1. I definitely want to launch my school’s first online Classics magazine based upon Augustus’ bimillenium this year. I would love to ask you if you would be willing to contribute an article, or even be interviewed about Augustus’ legacy by our Head Girl, who is off to Merton College, Oxford, to read Classics next year. I’d be keen to keep abreast of ideas I could incorporate into a school context to commemorate and promote Augustus as worthy of study.
    Many thanks, Mary Ambler

  2. Hi Mary!

    It’s good to hear from you, and great to know that you are taking full advantage of Augustus’ bimillennium in your school. I’d be very happy to make a contribution to your online magazine, and of the options you suggest I think being interviewed by your head girl would probably work best. That way, she gets the experience and the credit for the written piece, which is obviously really valuable at her age.

    What I would suggest is that you drop me an email so that we can arrange the details. You’ll find a link to the correct address in the final line of my text, above – or just Google me, and you will quickly find it at my University of Leeds profile page.

    All best,
    Penny Goodman

  3. George Groves said:

    Is it a bit weird to commemorate someone who was a bit of a git, in some scholars’ eyes?

    • Well, this is part of what the project is here for – to investigate the debates sparked off by the event, and explore who wants to commemorate Augustus and who doesn’t. But the key point to bear in mind here is that ‘commemorate’ doesn’t mean the same thing as ‘celebrate’. Commemoration can involve finding ways to make sense of the past and its impact on us today, as well as making value judgements about it.

  4. This is fantastic, though I’d be judicious in using the word “prosperity” (especially with something as general as “its inhabitants”). That might well be the 30,000-foot view, but it moves out of focus a lot of texture, including the many who suffered in the wake of Augustus’ reformation.

    I might also cap the period at two centuries (rather than three), ending with the death of the Antonines, after which many structures (especially military) transformed quite a bit. Still, a fascinating study, and a fascinating moment in time that lingers yet today. This is very exciting.

  5. Frank Dubois. said:

    Is deze etkst nergens in het nederlands te lezen? Mijn engels is te beperkt hiervoor.
    vriendelijke groet, Frank

  6. Paul Found said:

    My 6th form students are about to start their A2 studies on ‘Augustus and the founding of the Principate’. We are a ‘new’ Classics department that has been running for 1 year now and I am very keen for the students to do something that will commemorate Augustus. I am thinking along the lines of maybe getting permission for them to present some school assemblies which will raise awareness, and, of course, promote our Classics department. I would appreciate any other ideas from Classics teachers who might be doing something similar!

    • This sounds great, Paul. I’m glad to hear your new department is doing so well, and of course thrilled to hear you’re doing some events around Augustus’ bimillennium. School assemblies sound great, and if you’re looking for further tips, I’ve suggested a few of my own in a report elsewhere on this site of an INSET day which we held last November. (Scroll down a bit to see them.) I’d love to hear what you eventually decide on – do get back to me here and let us know!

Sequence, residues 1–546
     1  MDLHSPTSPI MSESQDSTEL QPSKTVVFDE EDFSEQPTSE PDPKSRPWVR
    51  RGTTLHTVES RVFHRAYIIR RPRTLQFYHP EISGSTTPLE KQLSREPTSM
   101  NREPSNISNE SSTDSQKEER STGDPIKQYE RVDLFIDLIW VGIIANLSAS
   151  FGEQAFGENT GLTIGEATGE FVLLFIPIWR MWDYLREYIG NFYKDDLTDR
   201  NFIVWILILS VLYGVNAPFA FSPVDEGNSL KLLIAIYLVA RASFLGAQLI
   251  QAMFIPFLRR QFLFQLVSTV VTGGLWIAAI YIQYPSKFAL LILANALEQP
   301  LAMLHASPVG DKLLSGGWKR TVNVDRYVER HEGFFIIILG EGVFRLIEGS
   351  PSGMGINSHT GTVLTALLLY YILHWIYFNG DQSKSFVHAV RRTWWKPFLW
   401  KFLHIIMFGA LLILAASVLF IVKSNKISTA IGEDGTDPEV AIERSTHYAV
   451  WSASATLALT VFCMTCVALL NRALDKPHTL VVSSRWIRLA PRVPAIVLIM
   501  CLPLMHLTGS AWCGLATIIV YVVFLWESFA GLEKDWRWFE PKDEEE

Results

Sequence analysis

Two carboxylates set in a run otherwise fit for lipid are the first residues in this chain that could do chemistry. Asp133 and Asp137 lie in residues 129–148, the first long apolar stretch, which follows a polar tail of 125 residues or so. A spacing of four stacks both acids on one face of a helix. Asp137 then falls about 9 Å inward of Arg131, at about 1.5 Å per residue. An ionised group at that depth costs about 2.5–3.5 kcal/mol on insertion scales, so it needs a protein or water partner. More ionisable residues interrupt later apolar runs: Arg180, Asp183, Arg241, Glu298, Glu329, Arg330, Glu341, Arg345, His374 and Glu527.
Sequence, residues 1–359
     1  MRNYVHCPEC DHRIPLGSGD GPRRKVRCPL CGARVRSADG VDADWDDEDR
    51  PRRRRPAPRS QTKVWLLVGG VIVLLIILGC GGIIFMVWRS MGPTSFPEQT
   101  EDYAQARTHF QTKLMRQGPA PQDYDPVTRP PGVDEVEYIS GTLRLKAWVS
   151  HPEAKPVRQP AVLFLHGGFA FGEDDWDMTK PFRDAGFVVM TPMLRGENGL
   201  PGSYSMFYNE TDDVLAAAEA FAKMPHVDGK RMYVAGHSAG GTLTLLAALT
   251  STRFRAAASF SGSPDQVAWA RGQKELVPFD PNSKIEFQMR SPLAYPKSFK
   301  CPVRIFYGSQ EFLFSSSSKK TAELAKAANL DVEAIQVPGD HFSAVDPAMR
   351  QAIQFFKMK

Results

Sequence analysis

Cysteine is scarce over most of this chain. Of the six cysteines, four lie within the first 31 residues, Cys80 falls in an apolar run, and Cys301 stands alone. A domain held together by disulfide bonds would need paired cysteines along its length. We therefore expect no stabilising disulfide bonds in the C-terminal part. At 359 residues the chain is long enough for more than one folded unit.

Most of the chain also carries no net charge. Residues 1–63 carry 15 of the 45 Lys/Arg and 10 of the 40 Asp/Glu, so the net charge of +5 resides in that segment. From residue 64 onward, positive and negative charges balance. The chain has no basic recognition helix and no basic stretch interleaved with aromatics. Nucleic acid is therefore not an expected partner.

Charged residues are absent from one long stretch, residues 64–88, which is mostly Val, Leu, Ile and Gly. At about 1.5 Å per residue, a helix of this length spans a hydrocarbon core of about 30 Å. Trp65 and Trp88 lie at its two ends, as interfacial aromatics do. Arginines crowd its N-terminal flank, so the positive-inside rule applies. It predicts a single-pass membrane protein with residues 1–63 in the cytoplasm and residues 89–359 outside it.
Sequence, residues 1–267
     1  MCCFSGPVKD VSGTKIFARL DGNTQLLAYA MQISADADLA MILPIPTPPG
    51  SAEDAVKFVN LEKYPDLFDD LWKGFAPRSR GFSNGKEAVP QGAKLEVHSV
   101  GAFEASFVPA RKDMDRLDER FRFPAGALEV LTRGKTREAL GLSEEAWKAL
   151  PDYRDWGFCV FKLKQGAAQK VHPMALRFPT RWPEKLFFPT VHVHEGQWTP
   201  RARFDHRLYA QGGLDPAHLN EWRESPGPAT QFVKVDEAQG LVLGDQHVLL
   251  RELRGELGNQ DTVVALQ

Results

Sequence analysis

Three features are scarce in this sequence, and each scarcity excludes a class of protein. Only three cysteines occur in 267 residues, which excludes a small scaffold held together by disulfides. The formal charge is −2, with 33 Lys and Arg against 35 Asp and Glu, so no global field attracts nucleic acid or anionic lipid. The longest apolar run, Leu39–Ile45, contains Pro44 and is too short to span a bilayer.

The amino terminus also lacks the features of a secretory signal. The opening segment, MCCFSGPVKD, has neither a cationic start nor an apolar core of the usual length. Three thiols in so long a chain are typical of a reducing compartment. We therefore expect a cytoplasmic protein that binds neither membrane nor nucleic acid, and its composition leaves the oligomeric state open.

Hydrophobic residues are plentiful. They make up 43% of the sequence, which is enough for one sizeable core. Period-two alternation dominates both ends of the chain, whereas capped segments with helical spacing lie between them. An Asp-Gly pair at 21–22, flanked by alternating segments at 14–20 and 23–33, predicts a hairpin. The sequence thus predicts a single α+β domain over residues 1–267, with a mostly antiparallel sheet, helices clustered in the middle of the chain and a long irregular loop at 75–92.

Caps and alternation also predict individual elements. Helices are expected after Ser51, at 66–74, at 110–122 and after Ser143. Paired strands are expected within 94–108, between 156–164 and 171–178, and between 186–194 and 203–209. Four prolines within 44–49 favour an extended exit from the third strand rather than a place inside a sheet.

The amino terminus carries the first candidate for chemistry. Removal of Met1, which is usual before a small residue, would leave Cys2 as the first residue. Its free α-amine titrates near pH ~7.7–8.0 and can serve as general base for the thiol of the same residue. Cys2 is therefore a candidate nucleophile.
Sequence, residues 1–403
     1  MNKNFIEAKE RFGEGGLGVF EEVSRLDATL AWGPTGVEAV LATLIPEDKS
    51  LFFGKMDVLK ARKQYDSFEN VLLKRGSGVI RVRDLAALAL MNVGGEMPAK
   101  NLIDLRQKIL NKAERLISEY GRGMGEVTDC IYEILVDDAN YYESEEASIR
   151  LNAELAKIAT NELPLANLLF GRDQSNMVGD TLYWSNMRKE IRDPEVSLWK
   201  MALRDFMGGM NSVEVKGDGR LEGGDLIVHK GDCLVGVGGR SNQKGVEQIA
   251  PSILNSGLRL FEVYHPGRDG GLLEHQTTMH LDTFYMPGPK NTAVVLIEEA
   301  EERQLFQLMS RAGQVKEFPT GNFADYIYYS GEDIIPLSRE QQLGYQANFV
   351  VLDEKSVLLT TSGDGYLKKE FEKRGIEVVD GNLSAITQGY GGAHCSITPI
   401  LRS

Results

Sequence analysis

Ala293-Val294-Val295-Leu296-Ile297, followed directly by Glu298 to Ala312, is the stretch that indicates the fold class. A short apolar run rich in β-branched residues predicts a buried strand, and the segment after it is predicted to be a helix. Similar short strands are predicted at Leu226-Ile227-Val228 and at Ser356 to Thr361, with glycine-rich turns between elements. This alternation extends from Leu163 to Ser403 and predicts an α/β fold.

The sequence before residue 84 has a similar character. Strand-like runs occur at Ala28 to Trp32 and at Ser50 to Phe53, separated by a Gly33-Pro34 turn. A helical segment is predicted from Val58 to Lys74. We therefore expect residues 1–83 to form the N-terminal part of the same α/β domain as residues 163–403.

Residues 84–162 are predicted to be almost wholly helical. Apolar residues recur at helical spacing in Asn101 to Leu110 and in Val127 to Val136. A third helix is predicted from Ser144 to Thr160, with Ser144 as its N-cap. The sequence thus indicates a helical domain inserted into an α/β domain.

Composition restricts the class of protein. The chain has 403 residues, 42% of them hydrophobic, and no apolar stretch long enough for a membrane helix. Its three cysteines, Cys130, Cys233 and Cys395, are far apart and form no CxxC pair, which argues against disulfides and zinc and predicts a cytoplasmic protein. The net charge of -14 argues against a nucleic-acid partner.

• Paul Found said:

        A few good ideas taken from your inset notes Penny! I’ll let you know how we get on 🙂

      • Paul Found said:

        Well my Year 13 Classicists were given the floor every day last week to present school assemblies to every year group. As they are studying the Augustus unit for their A2 exam, I more or less left them to put their own presentation together and they certainly didn’t disappoint. After a whistle-stop background to who Augustus was, they focussed on his short and long-term legacy and how his influence can be seen throughout history to current day. With the aid of their own Powerpoint, and some excellent spoken delivery (and one dressed in a toga), they generated significant interest from all age groups (and staff!) and promoted the new curriculum Classics option to some very eager and inquisitive youngsters.

  7. This project is great! I have been sorely disappointed with the lack of things (to my knowledge) going on here in Sydney to commemorate one of the most significant figures of all time. As a student myself, I have been trying to get my peers and teachers to take better advantage of this anniversary and reflect on both Augustus’ contributions and both how he is remembered today and how he has been represented (in Suetonius, Dio and Tacitus at the very least). This website has been invaluable in helping me to raise awareness, amongst my limited sphere of influence, about the impact of my most admired (yet controversial) historical figure and I will continue to recommend it.

    • Thanks, John! I hope you’ve spotted that there are a couple of events in Sydney on the 2014 events list, which makes for two more than in any other part of Australia, at least. Let me know if you hear of anything else happening on your side of the world, and I’ll make sure I add it to the list so that others can find out too.